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Twelve Days of Box Office

By David Mumpower

December 29, 2006

What do you mean, you haven't seen Dreamgirls yet?

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Thursday's box office results went pretty much as expected. There was but one noteworthy performance, another signal that the lasting appeal of Dreamgirls might be quite a bit less than most analysts, myself included, were expecting.

In day seven of the Twelve Days of Box Office, I confidently stated that the numbers for the titles in the top ten would remain fairly static throughout the rest of the weekdays. After a day of Tim Briody taking a break from my "manifesto" to discuss the most important box office stories from the holiday mid-week, let's take this opportunity to study the past two days of data to see how well my theory held. I am not going to lie. A couple of the movie performances were much less uniform than I had anticipated.

A look at day seven's top ten shows that A Night at the Museum earned $13.4 million, The Pursuit of Happyness earned $7.1 million, Rocky Balboa earned $4.5 million and The Good Shepherd earned $4.1 million. Dreamgirls also earned $5.8 million on Tuesday, but that's a project we identified as an exception. So, we will deal with it later in the discussion. For now, let's focus upon how the rest of the top five held up over Wednesday and Thursday.

After the $13.4 million Tuesday, Ben Stiller's comedy blockbuster fell only 10.9% on Wednesday to $11.9 million. There was further depreciation on Thursday as the project fell another 5% to $11.3 million. As was noted earlier in these discussions, the films that see the most fluctuation are the ones with the largest totals. As such, it's not surprising to see the $2.1 million correction from Tuesday to Thursday. Some of the other productions in the top ten are a bit more surprising.




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The Pursuit of Happyness declined from $7.1 million to $5.7 million to $5.4 million. Those are drops of 20% and 5% as well as an overall fall of $1.7 million from Tuesday to Thursday. Rocky Balboa saw an even stiffer fall from $4.5 million to $3.3 million to $3.0 million. Those are declines of 27% and 9% as well as an overall decline in revenue of $1.5 million to Tuesday to Thursday. Finally, The Good Shepherd started at $4.1 million then fell to $3.0 and $2.7 million. Those are drops of 27% and 10% with $1.4 million fewer receipts from Tuesday to Thursday.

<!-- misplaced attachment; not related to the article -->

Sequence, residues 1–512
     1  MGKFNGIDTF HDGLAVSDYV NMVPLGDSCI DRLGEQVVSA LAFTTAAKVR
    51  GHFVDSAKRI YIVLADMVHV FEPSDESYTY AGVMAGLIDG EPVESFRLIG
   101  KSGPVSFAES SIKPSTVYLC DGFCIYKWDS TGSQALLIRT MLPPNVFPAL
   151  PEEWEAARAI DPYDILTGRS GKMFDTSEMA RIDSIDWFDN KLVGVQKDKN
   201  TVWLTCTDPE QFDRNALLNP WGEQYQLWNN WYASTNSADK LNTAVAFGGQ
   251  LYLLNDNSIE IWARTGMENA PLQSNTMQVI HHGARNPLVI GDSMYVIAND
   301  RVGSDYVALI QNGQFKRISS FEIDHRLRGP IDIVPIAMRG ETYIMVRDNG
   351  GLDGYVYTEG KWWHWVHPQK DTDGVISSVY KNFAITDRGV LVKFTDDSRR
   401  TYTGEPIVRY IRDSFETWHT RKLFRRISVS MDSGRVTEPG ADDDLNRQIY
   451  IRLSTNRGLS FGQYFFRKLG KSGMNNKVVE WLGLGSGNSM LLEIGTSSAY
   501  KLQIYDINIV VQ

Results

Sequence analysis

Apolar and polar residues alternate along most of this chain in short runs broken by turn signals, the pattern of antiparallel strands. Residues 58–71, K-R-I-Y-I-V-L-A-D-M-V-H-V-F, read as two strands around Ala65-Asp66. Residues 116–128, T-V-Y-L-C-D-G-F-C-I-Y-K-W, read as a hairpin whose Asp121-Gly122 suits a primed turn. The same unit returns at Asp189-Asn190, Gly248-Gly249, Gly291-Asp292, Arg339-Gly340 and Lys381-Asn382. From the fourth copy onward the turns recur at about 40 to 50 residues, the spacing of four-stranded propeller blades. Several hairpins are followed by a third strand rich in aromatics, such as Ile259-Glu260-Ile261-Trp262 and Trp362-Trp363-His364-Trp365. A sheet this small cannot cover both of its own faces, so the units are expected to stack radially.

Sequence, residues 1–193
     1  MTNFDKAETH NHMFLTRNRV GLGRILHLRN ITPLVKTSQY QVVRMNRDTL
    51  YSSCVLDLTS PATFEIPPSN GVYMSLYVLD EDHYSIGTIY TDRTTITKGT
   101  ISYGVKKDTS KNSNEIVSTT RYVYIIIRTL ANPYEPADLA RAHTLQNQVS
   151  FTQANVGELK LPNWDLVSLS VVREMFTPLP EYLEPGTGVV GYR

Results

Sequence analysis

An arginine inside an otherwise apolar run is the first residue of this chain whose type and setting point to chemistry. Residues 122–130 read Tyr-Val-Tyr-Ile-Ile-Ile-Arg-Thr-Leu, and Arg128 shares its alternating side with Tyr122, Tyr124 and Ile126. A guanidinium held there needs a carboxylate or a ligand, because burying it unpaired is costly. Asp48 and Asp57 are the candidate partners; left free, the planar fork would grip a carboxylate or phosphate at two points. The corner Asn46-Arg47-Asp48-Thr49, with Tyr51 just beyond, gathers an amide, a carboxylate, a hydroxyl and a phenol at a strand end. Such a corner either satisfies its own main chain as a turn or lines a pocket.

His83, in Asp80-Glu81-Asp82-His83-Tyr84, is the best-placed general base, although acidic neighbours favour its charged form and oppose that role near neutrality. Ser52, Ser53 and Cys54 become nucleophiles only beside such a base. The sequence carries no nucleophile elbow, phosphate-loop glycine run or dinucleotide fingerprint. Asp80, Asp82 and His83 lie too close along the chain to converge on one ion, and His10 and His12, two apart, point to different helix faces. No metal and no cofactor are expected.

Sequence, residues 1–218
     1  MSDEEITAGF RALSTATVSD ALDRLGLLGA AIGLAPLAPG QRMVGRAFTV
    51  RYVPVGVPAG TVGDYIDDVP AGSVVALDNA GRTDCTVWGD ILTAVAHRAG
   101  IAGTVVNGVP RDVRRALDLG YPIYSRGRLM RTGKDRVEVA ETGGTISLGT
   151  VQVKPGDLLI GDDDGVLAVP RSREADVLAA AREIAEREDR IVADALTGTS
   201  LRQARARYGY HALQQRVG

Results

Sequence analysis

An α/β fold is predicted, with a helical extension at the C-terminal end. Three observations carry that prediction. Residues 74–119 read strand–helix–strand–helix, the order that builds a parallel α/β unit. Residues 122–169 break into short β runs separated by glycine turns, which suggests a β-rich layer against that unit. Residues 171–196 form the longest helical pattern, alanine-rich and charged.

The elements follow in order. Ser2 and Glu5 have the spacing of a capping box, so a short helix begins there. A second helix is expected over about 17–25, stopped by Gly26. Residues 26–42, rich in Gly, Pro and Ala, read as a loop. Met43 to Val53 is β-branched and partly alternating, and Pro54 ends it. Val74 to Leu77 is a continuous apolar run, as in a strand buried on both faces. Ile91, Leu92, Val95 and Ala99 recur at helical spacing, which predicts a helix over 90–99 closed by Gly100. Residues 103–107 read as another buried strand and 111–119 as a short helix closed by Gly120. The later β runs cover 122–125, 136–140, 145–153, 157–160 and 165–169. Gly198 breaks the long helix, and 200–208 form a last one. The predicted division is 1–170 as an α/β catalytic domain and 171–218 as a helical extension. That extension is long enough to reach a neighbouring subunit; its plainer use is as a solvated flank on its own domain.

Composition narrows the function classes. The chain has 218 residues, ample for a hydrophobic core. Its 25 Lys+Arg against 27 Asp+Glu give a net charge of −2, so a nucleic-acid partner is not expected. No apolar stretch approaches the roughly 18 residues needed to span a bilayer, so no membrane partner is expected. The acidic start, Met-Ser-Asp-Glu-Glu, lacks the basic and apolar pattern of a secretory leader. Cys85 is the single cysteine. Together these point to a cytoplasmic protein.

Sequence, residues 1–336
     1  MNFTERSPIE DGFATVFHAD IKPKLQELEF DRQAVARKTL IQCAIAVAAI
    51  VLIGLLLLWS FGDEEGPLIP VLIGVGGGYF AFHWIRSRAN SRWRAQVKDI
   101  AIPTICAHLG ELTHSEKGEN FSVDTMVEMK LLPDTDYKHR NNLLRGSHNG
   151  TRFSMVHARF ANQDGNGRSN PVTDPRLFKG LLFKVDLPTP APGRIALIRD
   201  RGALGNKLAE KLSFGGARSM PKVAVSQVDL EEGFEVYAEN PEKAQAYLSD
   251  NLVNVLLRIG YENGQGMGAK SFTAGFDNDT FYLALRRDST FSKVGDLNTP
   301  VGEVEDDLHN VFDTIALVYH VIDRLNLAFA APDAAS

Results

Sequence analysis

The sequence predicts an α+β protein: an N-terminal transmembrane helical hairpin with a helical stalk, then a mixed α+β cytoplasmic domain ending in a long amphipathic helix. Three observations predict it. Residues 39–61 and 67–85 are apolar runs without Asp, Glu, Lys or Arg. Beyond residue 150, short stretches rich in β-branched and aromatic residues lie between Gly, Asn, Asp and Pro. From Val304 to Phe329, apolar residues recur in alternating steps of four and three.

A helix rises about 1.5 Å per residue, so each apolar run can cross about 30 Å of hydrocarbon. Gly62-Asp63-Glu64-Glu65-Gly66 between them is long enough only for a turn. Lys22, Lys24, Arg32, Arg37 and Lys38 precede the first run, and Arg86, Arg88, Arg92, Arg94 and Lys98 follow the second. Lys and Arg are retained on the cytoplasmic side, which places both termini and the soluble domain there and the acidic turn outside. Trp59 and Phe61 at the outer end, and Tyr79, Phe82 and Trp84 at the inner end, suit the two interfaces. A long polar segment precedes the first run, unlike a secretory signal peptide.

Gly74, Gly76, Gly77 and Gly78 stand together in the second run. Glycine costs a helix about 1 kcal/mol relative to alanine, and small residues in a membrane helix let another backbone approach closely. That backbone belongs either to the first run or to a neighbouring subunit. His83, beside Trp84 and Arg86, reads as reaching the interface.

Looking at these numbers, there appears to be uniform behavior throughout the top five. Every title listed above started off very strong on Tuesday then lost a lot of momentum on Wednesday followed by even more of a decline on Thursday. Oddly, this was not the case throughout the top ten. Two notable exceptions occurred. Charlotte's Web moved from sixth place on Tuesday with $3.9 million to $4.2 million on Wednesday (an 8% boost in business) followed by $4.3 million on Thursday, good enough for third place on each day. Happy Feet followed this model as well. The penguin CGI flick started in ninth place on Tuesday with $2.4 million before eighth place on Wednesday with $2.6 million then seventh place on Thursday with $2.7 million. You don't need a doctorate in rocket science to deduce the reason for this anomalous behavior. With so many families on vacation this week, genial, comfortable titles such as these are bulletproof in terms of holdover appeal. This allows them to escape the otherwise consistent behavior throughout the top ten.


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